2 February - 14 April 2013
Luke Jerram is an internationally respected multidisciplinary artist whose work with discreet objects, large scale public performances and installations has brought him international acclaim.
With an interest in science, engineering and design many of his works relate to these subjects. Building teams of people to create his art, Jerram collaborates with specialist craftsmen to create his works which often explore new ways to represent and reveal invisible phenomena and are all connected by the material they are predominantly made from – glass.
This exhibition includes works from three major series: Radiometer Chandeliers, Glass Microbiology and Rotated Data Sculptures. By capturing phenomena beyond the reach of the human eye and making them material, Jerram draws our attention to a vast array of scientific research and data gathering and questions, if and how does this knowledge serve us.
His Radiometer Chandeliers reveal the invisible power and beauty of light. The multi-tiered chandeliers are built of dozens, sometimes hundreds, of solar radiometers which convert the heat of light into movement. Observed from a distance, the sculpture is a form of flickering shimmering delicate moving glass with beautiful shadows being formed as light passes through the artwork.
Glass Microbiology continues Jerram’s exploration of clear glass rendering of viruses and bacteria at the root of the most dangerous diseases such as HIV, H1N1 and SARS. Working with virologists from the University of Bristol, Luke Jerram collaborated with specialised glassblowers to fabricate the pieces. Made to contemplate the global impact of each disease, the artworks were created as alternative representations to the artificially coloured imagery we receive through the media. By extracting the colour from the imagery and creating jewel like beautiful sculptures in glass, a complex tension has arisen between the artworks’ beauty and what they represent.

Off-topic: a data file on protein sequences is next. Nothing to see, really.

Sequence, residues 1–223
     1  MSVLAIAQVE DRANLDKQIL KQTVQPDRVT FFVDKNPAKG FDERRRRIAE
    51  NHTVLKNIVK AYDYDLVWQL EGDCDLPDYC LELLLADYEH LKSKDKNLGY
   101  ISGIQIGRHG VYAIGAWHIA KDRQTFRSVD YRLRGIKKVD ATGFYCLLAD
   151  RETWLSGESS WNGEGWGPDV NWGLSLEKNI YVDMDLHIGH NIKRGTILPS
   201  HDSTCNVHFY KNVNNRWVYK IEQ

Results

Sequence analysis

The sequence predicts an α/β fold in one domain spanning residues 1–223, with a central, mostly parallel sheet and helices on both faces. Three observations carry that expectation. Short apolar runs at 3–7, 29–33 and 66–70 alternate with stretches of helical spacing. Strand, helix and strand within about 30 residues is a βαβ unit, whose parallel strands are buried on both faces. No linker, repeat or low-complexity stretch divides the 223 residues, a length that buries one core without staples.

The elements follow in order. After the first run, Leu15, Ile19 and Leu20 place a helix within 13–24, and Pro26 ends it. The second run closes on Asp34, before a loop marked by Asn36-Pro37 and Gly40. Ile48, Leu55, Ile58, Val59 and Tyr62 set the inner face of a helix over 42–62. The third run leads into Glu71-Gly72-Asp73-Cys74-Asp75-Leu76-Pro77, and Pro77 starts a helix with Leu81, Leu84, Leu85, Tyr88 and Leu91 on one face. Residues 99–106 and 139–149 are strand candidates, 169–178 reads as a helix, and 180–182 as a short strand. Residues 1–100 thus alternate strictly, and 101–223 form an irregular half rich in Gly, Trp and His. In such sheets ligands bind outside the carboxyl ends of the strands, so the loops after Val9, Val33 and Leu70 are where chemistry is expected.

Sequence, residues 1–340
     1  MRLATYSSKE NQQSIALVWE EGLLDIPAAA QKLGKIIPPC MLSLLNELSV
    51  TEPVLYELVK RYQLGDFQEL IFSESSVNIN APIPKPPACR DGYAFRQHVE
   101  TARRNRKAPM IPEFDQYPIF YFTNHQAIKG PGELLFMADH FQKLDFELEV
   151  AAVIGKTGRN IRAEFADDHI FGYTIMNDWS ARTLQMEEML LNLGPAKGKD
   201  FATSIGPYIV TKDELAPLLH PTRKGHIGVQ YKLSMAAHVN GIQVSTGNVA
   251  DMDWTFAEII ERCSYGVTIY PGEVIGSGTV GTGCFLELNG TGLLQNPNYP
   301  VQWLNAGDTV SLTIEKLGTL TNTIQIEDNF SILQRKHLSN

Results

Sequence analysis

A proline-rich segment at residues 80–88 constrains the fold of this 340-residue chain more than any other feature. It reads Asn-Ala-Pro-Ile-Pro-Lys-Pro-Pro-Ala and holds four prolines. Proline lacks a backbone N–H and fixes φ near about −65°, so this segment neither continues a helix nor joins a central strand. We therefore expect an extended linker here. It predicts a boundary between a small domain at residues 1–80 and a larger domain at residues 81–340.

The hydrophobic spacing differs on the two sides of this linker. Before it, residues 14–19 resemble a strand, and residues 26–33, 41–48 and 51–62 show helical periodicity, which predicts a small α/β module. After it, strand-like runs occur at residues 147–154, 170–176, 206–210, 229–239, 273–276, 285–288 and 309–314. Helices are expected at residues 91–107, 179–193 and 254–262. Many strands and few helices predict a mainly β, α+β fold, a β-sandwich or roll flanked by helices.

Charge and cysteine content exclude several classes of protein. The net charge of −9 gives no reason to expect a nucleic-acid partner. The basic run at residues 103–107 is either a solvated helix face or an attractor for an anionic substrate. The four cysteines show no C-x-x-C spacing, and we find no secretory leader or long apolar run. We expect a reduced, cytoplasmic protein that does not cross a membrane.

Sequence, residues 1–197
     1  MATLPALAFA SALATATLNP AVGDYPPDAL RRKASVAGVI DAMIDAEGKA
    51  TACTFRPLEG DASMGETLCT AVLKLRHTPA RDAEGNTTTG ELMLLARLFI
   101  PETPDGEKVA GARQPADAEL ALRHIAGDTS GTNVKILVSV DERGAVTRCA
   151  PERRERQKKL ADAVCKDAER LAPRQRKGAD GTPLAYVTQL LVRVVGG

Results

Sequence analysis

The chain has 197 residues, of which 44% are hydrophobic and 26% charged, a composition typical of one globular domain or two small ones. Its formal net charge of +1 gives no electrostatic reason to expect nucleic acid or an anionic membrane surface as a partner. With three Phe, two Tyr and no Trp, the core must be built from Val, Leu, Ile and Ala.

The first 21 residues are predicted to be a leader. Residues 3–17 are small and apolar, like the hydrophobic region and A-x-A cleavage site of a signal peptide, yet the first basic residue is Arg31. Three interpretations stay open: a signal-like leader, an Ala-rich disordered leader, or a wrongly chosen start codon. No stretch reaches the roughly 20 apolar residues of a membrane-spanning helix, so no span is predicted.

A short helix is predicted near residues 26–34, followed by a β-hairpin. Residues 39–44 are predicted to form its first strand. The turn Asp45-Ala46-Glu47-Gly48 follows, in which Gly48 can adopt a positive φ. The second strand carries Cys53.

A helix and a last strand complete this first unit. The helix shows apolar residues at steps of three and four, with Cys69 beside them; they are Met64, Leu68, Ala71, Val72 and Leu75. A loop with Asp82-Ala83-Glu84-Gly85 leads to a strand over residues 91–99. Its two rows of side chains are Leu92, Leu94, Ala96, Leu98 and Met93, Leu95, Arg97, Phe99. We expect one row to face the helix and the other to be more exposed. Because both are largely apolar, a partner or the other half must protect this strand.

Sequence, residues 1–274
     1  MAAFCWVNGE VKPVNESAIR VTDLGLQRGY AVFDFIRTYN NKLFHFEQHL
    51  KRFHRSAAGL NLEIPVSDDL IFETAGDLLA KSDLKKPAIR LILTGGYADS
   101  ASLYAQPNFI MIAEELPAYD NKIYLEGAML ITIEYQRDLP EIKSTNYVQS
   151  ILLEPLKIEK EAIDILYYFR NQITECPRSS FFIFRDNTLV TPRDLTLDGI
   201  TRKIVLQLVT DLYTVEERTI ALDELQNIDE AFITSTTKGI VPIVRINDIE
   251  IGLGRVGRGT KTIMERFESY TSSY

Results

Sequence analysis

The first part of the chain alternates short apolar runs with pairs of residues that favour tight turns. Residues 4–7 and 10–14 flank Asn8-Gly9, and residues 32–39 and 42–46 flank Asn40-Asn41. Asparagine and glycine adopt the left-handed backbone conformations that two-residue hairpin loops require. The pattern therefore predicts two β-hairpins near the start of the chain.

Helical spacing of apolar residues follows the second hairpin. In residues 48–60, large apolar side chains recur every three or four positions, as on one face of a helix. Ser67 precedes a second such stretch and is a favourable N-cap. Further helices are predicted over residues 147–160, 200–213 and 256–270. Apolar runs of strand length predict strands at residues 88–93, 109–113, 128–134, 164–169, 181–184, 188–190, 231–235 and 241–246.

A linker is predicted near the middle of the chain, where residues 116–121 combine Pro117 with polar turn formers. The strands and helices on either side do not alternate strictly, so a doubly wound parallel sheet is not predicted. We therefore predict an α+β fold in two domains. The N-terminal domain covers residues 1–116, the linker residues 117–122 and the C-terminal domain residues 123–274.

Rotated Data Sculptures are information driven objects which take form by translating statistics (the invisible data) into three-dimensional objects. To produce these visually captivating works, Jerram has chosen data sets with large scale deviations or dramatically fluctuating rhythms such as the Japanese earthquake which caused a Tsunami and tumultuous trading activity on the NY stock exchange, rotating them using computer aided design and then created in glass.
Jerram’s Glass Microbiology sculptures are in museum collections around the world from The Corning Museum in New York to the Wellcome Collection in London. In 2009 his sculptures were presented at The Mori Museum, Tokyo alongside work by Damien Hirst, Warhol and Leonardo da Vinci.
In 2007 he was awarded the Institute for Medical Imaging Award’ and in 2010 the coveted “Rakow Glass Award” for his work. Jerram has recently completed a fellowship at the Museum of Glass, Washington, USA.